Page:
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Updates: Giannoulias Pulls All Negative Ads for Final Week of Campaign

Wow — refreshing!

With six days remaining in the race, Congressman Kirk has pulled his one positive television ad and has gone completely negative, with more than $2 million in false, misleading attack ads.

In stark contrast, Democratic U.S. Senate nominee Alexi Giannoulias has gone completely positive for the final week with an ad that features President Barack Obama, First Lady Michelle Obama, his mother and workers from Hartmarx, with each of them noting his compassion and character.

“Just as Alexi has gone with a purely positive television ad in the final week of the campaign, we learned today that Congressman Kirk pulled his positive commercial and is spending more than $2 million on false, negative ads that have been denounced as smears by independent fact check organizations,” said campaign spokesman Scott Burnham. “Instead of focusing on the issues, Congressman Kirk has a record he can’t defend. That’s why Congressman Kirk, the Republican party, Karl Rove and the Chamber of Commerce are spending nearly $5 million on negative and misleading attack ads this week.”

Learn more about Alexi Giannoulias.

Updates: Kirk

Alexi Giannoulias released a white paper last week detailing his position on key energy policy and environmental issues. In the midst of the Deepwater Horizon spill the Giannoulias paper focuses heavily on drilling, offering reforms designed to prevent future spills and ensure that BP is held accountable for the disaster in the Gulf.

Giannoulias supports enhanced safety features for offshore oil rigs, a six month moratorium on new offshore drilling permits, and a plan to split the now-infamous Minerals Management Service into two separate agencies to prevent the conflicts of interest which led – to say the least – to some shoddy regulation.

Giannoulias’ proposed drilling reforms are largely uncontroversial, and Mark Kirk pretty much agrees. On the surface, one might even tempted to think that Kirk deserves his billing as the greenest Republican in Congress. Dig a little deeper, though, and Kirk’s environmental credentials start to fall apart.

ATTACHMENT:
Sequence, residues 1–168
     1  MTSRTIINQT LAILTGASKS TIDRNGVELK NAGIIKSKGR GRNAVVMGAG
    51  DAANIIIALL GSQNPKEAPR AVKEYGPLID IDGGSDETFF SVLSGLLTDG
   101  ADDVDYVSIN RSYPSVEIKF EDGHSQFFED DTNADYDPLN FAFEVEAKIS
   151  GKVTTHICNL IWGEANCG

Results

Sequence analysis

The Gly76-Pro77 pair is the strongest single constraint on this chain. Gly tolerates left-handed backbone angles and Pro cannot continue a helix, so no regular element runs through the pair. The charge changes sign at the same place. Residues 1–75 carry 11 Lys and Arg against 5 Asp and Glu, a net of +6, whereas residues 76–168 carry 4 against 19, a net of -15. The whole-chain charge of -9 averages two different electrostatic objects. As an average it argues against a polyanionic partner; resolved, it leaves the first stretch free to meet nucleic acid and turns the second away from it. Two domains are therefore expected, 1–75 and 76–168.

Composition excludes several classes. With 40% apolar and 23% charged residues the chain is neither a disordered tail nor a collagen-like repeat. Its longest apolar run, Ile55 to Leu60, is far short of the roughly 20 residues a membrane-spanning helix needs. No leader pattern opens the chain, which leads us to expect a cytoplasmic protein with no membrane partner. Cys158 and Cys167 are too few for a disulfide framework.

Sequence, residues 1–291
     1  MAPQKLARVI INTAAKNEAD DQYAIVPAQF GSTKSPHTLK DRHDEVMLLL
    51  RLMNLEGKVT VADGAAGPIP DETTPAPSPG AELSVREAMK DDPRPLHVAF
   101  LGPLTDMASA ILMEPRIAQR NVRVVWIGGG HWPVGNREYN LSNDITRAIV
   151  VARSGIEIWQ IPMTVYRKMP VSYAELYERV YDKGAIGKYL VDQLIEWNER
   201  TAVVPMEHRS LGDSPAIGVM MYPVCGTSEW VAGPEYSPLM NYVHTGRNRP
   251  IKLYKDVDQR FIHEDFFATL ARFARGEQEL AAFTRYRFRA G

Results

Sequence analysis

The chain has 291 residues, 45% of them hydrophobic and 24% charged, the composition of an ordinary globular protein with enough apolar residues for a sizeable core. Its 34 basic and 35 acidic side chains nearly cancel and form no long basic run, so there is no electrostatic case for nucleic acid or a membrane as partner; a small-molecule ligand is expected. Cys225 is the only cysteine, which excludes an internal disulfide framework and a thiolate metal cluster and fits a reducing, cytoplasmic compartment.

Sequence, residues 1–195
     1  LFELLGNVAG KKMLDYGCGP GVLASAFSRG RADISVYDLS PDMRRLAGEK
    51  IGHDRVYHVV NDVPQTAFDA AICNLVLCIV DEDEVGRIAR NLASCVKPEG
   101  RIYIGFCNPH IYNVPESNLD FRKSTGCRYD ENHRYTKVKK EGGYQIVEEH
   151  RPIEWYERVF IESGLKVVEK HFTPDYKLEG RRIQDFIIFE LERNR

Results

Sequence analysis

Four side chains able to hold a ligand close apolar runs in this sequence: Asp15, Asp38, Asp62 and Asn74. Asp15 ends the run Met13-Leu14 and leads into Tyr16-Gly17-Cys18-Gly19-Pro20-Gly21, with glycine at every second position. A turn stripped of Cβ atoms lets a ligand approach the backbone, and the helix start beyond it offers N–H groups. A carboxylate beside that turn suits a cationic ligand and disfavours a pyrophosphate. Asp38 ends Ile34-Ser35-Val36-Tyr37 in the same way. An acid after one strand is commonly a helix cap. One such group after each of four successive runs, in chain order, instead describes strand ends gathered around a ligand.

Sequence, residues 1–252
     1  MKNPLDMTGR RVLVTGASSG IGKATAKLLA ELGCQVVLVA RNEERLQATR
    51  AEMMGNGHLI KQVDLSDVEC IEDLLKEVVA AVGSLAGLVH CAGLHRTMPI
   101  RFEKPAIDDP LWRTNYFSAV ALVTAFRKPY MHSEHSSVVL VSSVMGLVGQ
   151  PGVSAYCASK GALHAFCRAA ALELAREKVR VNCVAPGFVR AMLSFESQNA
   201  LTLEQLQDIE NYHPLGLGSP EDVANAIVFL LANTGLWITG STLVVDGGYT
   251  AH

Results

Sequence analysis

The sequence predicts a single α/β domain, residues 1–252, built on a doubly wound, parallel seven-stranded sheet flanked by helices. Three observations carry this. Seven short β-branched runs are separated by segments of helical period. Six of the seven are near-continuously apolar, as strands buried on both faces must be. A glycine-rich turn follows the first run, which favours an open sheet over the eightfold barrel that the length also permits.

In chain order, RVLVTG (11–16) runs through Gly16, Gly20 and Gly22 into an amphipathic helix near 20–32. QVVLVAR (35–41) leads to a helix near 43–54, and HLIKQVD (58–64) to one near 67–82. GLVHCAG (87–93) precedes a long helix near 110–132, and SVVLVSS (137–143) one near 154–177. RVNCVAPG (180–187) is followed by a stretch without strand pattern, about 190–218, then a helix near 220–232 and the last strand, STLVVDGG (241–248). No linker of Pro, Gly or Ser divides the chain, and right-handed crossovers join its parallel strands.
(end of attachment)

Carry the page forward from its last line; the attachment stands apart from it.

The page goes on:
Kirk jumped on the “drill baby drill” bandwagon in 2008, prompting the Sierra Club to withdraw their endorsement for his Senate campaign. The greenest Republican in Congress has offered some rather bizarre justifications for his pro-drilling enthusiasm. In 2008 Kirk falsely claimed that the Chinese were drilling in the Gulf of Mexico, and in early June he argued that U.S. imports of Iranian oil totaled 80 billion barrels despite the existence of well-known sanctions which make all such imports illegal. Factor in the inscrutability of the 80 billion barrel figure – the U.S. only imports about four billion barrels of oil a year – and it appears the Congressman has confused his energy policy with a game of energy independence Mad Libs. (China! Iran! Literally gazillions of barrels!) Kirk’s record of standing up to Big Oil is similarly suspect; Kirk paid lip service to stopping BP from dumping in Lake Michigan in 2007 but failed to follow through.

On cap and trade, Kirk has jumped the ship entirely. Kirk supported a market-based cap on carbon emissions in the House, but as a Senate candidate he claims the legislation is no longer in the interest of his constituents. While it’s possible that Kirk genuinely believes global warming to be a Kenilworth-specific issue, it seems more likely that he no longer finds it in his political interests to play moderate Republican, which is rather convenient now that his position on the issue actually matters. There is at least some recent evidence which suggests this is the case; in 2008 Kirk broke a long-standing trend by voting against tax credits for renewable energy. Given that such tax credits appear to constitute the entirety of Kirk’s plan to fight global warming, it is unclear what the Congressman intends to do about this issue.

The Giannoulias white paper prominently states the Democrat’s support for “a comprehensive, market-based system that puts a price on global warming pollution,” and Giannoulias has been consistent in his advocacy for cap and trade. It is important to note that even if Kirk is serious about government subsidies for renewable energy, it is unlikely that such measures will put a dent in climate change absent a cap on carbon emissions. One common misconception about cap and trade is that it is designed to eliminate global warming entirely; in fact the legislation is only designed to limit warming to two degrees Celsius by 2050. Most scientists agree this is the threshold at which climate change will become catastrophic, and tax credits alone will almost certainly be insufficient to keep us below the magic number. Putting a price on carbon is critical both in terms of limiting U.S. emissions and spurring international action on climate change.

We’ve heard enough myths in this Senate campaign, so let’s put this one to rest: Mark Kirk is not moderate on the environment. He loves drilling, opposes cap and trade, and voted against alternative energy legislation. Alexi Giannoulias has a better energy plan, and it’s not even close.